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Multifamily Investors Lengthen Their Hold Periods, As Inflation Fears, Dearth of Product Disrupt the Market

A perfect storm of macroeconomic and real estate-specific forces are making multifamily investors rethink their hold times.

Multifamily investors are increasing hold times for their properties, and not just by a few months either. Investment firms and fund managers are doubling and even tripling hold periods, partly because it’s what their investors want, and partly because it just makes sense, given current market conditions.

Historically, hold periods for multifamily properties have not lasted beyond five years. Investors—small and large, private and institutional—didn’t want to lock up their money for an extended period of time. In fact, the thought of committing to a particular asset for 10 to 15 years was intensely unappealing because it didn’t allow owners the flexibility to change course.

But the need to cut and run is no longer as strong, and that changed sentiment is leading to a shift in hold periods, according to Jahn Brodwin, a senior managing director with management consulting firm FTI Consulting. “I’m hearing a lot of frustration from my clients—how hard it is to find investments that meet their criteria—and the answer is to buy more dynastically,” Brodwin says. “A lot of the wealth in this world has been built by owning the same real estate for several decades.”

Managers that previously held assets for three years are stretching their ownership from five to seven years. And those that previously held multifamily assets for longer than seven years are shifting their investment strategy to 10 years or longer.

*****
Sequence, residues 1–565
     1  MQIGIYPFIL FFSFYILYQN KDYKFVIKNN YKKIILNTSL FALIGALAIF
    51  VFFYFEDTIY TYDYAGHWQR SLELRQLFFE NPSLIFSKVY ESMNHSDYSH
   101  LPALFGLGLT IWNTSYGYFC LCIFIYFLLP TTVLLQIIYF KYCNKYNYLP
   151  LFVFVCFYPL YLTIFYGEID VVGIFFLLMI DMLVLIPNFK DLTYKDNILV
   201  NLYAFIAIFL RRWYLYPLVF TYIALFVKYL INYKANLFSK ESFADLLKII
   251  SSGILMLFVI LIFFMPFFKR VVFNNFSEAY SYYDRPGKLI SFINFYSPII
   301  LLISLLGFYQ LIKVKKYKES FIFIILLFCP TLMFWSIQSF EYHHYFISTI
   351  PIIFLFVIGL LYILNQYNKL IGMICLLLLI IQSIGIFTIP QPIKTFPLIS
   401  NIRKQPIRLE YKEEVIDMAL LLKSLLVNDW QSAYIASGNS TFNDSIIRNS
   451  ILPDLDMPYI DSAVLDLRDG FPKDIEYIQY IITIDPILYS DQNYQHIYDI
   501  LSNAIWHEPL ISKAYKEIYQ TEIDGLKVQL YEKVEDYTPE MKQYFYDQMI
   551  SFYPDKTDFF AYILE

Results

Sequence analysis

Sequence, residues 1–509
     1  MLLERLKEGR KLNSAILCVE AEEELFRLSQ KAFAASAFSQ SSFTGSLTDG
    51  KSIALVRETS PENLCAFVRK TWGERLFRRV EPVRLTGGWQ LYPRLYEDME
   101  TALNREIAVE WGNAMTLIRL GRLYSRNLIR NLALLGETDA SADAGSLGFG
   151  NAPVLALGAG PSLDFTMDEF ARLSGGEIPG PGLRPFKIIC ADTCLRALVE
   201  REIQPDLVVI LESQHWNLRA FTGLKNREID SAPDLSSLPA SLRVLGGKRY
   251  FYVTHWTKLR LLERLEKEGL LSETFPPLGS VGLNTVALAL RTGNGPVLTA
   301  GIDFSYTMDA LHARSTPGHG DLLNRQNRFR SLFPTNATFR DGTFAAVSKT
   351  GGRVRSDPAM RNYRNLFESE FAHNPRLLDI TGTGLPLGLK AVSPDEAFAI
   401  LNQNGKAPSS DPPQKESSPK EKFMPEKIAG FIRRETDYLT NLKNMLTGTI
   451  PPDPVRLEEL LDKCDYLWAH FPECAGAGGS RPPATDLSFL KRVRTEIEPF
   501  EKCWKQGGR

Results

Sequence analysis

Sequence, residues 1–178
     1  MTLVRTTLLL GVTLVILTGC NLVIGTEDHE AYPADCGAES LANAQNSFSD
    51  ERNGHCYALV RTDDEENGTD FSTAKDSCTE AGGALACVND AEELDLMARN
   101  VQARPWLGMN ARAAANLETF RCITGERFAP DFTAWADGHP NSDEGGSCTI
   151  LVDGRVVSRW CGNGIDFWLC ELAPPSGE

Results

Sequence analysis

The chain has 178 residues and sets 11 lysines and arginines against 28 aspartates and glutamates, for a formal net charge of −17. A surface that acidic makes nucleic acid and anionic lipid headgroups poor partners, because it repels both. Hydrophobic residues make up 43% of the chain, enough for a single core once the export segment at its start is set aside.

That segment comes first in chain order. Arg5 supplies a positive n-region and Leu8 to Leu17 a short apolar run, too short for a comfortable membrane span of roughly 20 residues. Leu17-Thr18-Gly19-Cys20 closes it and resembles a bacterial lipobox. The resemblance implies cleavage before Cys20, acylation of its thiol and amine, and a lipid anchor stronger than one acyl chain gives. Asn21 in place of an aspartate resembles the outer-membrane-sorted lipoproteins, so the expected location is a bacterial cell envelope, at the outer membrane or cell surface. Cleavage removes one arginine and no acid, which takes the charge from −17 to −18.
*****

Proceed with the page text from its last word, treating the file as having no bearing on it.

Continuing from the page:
“This is evolutionary,” says Brodwin. “Real estate fund managers have this pile of money that they’re trying to deploy, and it just doesn’t make sense, on a short-term basis, to sell the multifamily assets they already own, given what’s happening with cap rates, inflation and housing demand dynamics.”

Investors want their dollars to continue working

The Beach Company, based in Charleston, S.C., has been investing in commercial real estate since 1945, typically underwriting shorter hold periods for its multifamily investments. Its new fund, Beach Real Estate Fund (BREF), is structured differently: investing exclusively in multifamily properties across the Southeast, it buys with a planned seven-year hold with three one-year extensions.

The firm’s decision to increase its hold period for the new fund was driven, in part, by investor preference. By and large, BREF investors don’t want to go through the investment decision process over and over. They also prefer recurring yields over capital gains and other taxes, which means they gravitate toward longer-term investments. In fact, some investors favor hold periods in excess of those outlined by the fund, up to 10 years.

“Our investors are primarily investing for the long term, and they want their dollars to be at work producing consistent yields for the long term,” says Leonard Way, senior vice president and fund manager with BREF. “They enjoy making a profit, but then want to get the money back to work.”

Longer holds align with positive multifamily outlook

But accommodating investor preferences is just one of many reasons fund managers and investment firms are lengthening their hold periods. The positive outlook for the multifamily sector, driven by a shortage of housing and promises of strong renter demand and NOI growth for the foreseeable future, are reasons enough to hang onto multifamily assets.

“This demand makes multifamily properties a longer duration asset,” says Al Lord, founder and CEO of Lexerd Capital Management, a Summit, N.J.-based real estate investment firm that has managed more than $1 billion in assets since its founding and primarily acquires opportunistic multifamily assets.

Lord points out that investment firms and asset managers often look to Freddie Mac’s National Apartment Investment Market Index (AIMI) when evaluating whether to hold or dispose of multifamily assets. The index captures key performance measures of a representative sample of properties across major U.S. markets and compares rental income to the cost of investment, property price growth and mortgage rate.